By Philip Rebentisch
To the uninformed advertiser, free can be costly. The Better Business Bureau of Minnesota and North Dakota (BBB) has revoked the accreditation of Minnesota-based MyPillow, Inc. lowering its rating to an F primarily due to its Buy One Get One (BOGO) advertising campaign. It’s a reminder that advertisers must exercise caution when making “free” claims as laws, regulations, and BBB member guidelines affect these and other claims made in advertising.
Consumer Confusion is Never a Good Thing
According to the BBB, consumer complaints alleged confusion regarding the BOGO pricing of MyPillow® products and proper disclosures were not made for the different pillow styles offered in retail stores and online. The premium pillows that included the free pillow offer were supposed to be available only in targeted markets via online orders, and the standard pillows were only offered in retail stores. However, if out of market consumers obtained a special promotional code online (via a simple search) or called MyPillow to order the premium pillow they received the second pillow for free.
Free is Not Forever
In addition to consumer confusion over the products, distribution, and offers, the BOGO offer was not tied to a limited timeframe. This violated the BBB’s Code of Advertising section 14.2 that requires temporary free offers. Otherwise, consumers may view it as a continuous combination offer, no part of which is free. Advertisers should be aware that continuous BOGO or other free offers violate the BBB Code, Federal Trade Commission regulations, and possibly other state laws and regulations.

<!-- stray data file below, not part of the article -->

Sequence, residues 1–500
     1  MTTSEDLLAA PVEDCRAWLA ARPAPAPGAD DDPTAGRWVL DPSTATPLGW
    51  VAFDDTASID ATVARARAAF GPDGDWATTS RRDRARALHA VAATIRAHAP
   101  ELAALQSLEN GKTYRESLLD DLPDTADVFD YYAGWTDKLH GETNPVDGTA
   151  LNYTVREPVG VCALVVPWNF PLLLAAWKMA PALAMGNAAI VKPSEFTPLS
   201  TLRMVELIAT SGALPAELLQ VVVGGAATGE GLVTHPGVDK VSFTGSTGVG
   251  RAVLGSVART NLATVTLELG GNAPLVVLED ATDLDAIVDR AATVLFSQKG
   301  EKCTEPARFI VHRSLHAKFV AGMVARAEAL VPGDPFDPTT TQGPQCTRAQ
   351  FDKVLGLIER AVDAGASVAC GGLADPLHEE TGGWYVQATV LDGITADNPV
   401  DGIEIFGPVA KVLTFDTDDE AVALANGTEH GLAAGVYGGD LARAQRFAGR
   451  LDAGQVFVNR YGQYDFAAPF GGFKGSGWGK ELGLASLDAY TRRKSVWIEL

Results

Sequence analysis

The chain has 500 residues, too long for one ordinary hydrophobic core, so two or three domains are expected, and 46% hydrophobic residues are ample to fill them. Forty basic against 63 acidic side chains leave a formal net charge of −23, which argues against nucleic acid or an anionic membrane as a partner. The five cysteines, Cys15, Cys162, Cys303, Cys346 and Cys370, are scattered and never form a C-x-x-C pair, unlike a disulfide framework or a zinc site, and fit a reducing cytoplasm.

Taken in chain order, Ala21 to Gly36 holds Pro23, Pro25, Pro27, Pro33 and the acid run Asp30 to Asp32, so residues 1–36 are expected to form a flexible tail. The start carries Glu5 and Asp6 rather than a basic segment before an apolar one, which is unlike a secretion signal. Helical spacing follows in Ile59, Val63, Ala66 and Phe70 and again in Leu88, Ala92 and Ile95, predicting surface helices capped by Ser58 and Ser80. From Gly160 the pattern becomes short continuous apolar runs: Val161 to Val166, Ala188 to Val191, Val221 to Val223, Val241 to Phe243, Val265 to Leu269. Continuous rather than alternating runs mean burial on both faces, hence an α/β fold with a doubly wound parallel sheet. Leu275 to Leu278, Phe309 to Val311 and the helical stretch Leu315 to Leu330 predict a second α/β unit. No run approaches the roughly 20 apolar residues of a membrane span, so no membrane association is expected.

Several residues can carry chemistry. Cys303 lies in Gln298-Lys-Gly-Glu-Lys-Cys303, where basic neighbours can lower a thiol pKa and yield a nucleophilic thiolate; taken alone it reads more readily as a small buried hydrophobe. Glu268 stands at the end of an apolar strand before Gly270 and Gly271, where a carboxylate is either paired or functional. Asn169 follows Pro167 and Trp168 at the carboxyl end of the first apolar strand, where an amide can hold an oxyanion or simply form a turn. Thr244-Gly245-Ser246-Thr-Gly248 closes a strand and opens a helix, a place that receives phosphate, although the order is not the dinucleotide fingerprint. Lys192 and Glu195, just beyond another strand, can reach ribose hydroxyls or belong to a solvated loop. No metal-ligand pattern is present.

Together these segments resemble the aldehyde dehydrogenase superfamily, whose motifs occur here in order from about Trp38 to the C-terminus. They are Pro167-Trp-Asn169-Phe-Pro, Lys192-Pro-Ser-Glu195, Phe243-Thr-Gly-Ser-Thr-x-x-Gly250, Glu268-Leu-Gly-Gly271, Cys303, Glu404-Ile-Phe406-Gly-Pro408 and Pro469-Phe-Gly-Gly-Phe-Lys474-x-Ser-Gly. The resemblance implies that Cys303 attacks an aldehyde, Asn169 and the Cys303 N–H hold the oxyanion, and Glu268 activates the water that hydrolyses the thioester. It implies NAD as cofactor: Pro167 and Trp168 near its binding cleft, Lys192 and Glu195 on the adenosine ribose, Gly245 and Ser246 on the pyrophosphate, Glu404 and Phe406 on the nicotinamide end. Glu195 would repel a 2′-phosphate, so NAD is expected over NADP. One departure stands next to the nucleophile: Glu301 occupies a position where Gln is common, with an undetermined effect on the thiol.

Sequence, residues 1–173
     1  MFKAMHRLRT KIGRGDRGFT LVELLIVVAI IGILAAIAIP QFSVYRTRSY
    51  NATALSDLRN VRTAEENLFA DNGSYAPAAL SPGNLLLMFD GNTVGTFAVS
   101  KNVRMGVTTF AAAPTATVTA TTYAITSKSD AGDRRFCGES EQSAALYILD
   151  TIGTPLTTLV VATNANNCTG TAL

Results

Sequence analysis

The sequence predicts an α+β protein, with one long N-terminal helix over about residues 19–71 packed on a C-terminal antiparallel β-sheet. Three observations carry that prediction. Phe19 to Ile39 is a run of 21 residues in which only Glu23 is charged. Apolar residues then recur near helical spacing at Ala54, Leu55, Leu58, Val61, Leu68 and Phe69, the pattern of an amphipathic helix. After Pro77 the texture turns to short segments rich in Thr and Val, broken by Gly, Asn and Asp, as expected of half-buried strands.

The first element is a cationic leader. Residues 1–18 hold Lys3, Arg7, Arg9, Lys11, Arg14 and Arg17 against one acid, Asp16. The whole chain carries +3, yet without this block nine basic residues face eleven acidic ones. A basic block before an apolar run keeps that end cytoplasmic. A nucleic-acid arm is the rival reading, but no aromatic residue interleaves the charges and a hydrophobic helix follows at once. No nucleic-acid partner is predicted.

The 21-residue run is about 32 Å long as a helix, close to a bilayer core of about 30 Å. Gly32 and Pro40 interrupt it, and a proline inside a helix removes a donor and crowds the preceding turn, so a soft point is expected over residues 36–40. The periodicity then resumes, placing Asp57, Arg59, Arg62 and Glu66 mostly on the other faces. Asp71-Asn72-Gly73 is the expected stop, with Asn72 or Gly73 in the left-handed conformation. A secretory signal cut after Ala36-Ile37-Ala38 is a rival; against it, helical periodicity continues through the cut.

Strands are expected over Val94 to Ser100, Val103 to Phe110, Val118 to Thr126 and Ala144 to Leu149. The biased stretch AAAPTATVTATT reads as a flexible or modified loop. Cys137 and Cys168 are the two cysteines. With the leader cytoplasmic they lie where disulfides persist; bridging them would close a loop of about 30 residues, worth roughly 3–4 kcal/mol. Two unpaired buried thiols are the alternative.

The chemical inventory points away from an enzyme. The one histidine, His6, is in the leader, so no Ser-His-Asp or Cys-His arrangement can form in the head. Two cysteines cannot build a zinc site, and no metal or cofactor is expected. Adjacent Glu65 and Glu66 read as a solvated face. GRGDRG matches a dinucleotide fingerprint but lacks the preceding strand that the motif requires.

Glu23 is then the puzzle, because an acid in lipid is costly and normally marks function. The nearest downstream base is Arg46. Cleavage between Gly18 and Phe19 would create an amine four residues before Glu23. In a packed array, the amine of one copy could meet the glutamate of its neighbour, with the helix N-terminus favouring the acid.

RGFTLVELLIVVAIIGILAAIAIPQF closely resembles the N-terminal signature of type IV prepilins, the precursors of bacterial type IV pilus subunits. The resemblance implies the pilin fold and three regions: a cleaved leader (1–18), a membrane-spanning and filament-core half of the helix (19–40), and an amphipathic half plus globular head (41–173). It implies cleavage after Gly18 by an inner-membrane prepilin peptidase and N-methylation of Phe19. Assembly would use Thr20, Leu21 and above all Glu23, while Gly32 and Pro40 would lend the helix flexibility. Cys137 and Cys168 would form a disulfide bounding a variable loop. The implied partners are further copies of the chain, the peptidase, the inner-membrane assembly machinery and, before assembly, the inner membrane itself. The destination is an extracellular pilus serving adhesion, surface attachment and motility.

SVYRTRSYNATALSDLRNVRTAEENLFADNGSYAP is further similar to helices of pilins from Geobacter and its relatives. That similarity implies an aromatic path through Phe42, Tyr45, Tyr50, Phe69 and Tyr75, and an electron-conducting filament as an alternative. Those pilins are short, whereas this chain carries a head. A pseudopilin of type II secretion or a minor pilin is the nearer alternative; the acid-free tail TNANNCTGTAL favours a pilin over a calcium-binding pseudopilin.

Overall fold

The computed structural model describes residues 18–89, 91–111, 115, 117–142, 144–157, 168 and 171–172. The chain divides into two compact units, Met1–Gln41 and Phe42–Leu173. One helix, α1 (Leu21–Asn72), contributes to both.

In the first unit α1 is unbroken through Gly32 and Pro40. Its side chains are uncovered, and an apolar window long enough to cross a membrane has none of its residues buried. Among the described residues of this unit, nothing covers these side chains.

Check Your Media Plan
The BOGO offer was not temporary so there was no limited free element and as a result, the price paid was for two pillows. Advertisers need to know that a product or service must not be advertised with a free offer in a trade area for more than 6 months in any 12-month period. If an offer comes to an end, at least 30 days must elapse before another such offer is promoted in the same trade area. Finally, a free offer should not be promoted more than 3 times in a 12-month period.
Legal disclaimer: This article is not intended to constitute legal advice or to create an attorney-client relationship. We trust you knew this anyway.